Hydrologic impacts of side inlet storage modifications in an artificially drained agricultural landscape

Joel Peterson, Bruce N Wilson, Mikhail Titov, Lori Krider, Jeffrey S Strock

Research output: Chapter in Book/Report/Conference proceedingConference contribution

Abstract

Surface side inlets are an important component of the drainage infrastructure in Minnesota. Side inlets are small watershed outlets that discharge surface water to drainage ditches. Side inlets can be designed or retrofitted such that they act as temporary storage for surface runoff, decreasing downstream peak flow rates and inducing sedimentation in the storage area. This project is part of a larger, multi-year project that attempts to quantify the extent of side inlet locations in representative areas of Minnesota, seeks to compare, through laboratory, testing the effectiveness of different side inlet designs, and finally seeks to determine the potential effect of implementing side inlet controls on a drainage system-wide basis through modeling. The latter objective is the focus of this paper. The EPA SWMM model was used to evaluate the hydrologic effects of widespread adoption (33% of land area) of side inlet controls in a 12.6 km2, tile-drained agricultural watershed, in southern Minnesota. The model was calibrated based on averages of typical water balances from other studies and on the typical drainage coefficient for the area. Four design variants were simulated: 1) existing flush pipe design; 2) Hickenbottom riser; 3) rock weir; and 4) rock filter. Stage-area relationships at each side inlet were developed using an algorithm in GIS utilizing LiDAR data. The stage-discharge relationship for the Hickenbottom riser was developed based on manufacturer data. Stage-discharge relationships for the rock filter were based on previous work. Both the rock inlet and the Hickenbottom designs resulted in peak flow reductions of between 20% and 25% for the flows greater than the 2-yr event. Reductions were not as great for more frequent events. The rock weir design resulted in peak flow reductions of 12% for the 1-yr return period event and approximately 15% for less frequent events. Benefits for individual side inlet locations are strongly dependent on ponded surface area to watershed area ratio and that this ratio should be approximately 1% or greater.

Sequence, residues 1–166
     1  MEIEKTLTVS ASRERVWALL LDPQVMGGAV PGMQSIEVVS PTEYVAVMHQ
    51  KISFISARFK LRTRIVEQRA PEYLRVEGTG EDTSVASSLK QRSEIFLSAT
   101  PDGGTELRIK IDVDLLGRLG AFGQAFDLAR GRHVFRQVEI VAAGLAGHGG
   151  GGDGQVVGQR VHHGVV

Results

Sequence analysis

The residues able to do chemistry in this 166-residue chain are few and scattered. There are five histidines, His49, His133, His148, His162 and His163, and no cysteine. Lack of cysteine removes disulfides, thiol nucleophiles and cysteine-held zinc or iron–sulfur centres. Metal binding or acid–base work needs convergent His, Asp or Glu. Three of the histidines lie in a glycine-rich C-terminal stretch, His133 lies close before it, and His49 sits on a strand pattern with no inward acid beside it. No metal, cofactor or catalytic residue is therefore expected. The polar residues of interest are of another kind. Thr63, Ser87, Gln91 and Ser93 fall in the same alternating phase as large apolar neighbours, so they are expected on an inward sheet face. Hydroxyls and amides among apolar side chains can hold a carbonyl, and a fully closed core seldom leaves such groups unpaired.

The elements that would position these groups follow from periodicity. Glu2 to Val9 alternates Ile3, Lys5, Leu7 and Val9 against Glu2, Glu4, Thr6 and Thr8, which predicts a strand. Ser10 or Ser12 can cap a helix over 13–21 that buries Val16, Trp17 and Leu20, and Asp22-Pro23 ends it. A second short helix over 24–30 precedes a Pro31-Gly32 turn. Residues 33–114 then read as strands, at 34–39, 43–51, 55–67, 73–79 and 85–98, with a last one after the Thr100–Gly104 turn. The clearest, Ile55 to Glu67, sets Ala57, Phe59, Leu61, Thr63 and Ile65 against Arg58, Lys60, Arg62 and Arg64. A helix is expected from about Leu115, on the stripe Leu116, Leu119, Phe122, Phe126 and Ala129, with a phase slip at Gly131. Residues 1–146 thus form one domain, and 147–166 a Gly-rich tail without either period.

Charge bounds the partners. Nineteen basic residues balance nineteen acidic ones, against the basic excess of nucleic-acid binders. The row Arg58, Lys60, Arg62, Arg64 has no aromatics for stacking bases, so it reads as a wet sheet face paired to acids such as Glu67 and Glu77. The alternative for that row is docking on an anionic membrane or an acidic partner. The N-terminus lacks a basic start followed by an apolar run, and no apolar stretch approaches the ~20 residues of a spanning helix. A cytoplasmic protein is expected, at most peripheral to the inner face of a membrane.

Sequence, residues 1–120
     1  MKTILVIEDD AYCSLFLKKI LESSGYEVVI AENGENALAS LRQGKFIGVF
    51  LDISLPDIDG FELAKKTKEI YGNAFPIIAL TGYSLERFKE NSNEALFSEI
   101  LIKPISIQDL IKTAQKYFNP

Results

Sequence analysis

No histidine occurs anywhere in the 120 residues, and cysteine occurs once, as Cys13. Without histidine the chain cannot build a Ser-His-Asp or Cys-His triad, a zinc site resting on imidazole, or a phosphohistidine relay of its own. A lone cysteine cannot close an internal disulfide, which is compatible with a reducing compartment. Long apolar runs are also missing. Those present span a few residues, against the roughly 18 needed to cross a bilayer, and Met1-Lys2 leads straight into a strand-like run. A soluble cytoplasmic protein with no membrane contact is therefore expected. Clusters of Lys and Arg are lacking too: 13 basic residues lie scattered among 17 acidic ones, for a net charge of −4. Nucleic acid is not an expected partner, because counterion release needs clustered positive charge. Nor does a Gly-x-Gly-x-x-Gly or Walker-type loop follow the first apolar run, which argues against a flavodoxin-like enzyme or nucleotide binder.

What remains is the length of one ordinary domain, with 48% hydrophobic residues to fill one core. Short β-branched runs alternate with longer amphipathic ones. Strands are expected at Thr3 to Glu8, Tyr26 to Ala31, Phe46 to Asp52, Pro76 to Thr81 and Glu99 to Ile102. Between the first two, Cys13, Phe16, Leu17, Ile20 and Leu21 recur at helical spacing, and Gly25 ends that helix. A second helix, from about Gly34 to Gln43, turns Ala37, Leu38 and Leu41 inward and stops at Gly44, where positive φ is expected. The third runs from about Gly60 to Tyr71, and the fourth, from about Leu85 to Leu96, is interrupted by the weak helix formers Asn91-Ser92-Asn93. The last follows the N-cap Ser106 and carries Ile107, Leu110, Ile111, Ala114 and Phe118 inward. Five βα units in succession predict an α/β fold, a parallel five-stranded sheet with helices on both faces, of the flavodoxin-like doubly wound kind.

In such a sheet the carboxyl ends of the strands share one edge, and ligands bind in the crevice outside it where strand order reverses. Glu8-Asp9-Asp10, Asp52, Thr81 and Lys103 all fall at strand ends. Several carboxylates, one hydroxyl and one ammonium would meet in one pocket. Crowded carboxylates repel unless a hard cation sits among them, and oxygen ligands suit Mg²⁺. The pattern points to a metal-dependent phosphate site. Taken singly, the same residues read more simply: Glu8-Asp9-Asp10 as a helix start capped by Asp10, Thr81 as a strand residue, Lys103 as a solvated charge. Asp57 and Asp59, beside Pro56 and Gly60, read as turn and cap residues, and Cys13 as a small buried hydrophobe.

Original languageEnglish (US)
Title of host publicationAmerican Society of Agricultural and Biological Engineers Annual International Meeting 2014, ASABE 2014
PublisherAmerican Society of Agricultural and Biological Engineers
Pages3887-3900
Number of pages14
ISBN (Electronic)9781632668455
StatePublished - Jan 1 2014
EventAmerican Society of Agricultural and Biological Engineers Annual International Meeting 2014, ASABE 2014 - Montreal, Canada
Duration: Jul 13 2014Jul 16 2014

Publication series

NameAmerican Society of Agricultural and Biological Engineers Annual International Meeting 2014, ASABE 2014
Volume6

Other

OtherAmerican Society of Agricultural and Biological Engineers Annual International Meeting 2014, ASABE 2014
Country/TerritoryCanada
CityMontreal
Period7/13/147/16/14

Keywords

  • Agricultural drainage
  • Hydrologie modeling
  • Peak flow
  • SWMM
  • Tile drainage

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